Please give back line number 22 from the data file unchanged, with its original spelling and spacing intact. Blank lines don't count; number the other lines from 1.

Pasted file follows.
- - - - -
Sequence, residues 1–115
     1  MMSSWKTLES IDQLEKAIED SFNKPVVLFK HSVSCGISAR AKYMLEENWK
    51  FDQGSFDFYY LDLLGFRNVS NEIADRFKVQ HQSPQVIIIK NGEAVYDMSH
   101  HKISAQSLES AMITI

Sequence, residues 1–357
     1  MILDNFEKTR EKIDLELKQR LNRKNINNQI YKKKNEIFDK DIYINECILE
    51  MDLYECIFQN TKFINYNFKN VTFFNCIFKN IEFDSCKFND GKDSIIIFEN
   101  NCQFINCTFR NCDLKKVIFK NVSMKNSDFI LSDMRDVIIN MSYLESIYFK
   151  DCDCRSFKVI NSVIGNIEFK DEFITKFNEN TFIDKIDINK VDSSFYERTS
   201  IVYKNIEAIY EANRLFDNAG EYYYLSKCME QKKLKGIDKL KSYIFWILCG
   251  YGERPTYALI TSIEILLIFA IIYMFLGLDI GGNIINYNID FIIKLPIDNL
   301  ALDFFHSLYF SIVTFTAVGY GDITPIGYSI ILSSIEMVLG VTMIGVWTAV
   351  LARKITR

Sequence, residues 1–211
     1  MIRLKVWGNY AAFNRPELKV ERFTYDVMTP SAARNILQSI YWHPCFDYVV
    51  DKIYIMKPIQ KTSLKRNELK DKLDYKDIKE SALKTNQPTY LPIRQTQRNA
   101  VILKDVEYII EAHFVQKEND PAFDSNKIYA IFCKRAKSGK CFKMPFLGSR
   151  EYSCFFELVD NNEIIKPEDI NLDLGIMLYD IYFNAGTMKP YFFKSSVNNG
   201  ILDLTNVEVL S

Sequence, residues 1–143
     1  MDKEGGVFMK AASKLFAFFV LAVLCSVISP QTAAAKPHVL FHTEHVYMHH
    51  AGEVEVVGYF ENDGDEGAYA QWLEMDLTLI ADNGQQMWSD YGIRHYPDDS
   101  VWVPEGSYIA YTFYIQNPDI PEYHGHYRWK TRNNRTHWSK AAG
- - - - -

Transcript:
    51  AGEVEVVGYF ENDGDEGAYA QWLEMDLTLI ADNGQQMWSD YGIRHYPDDS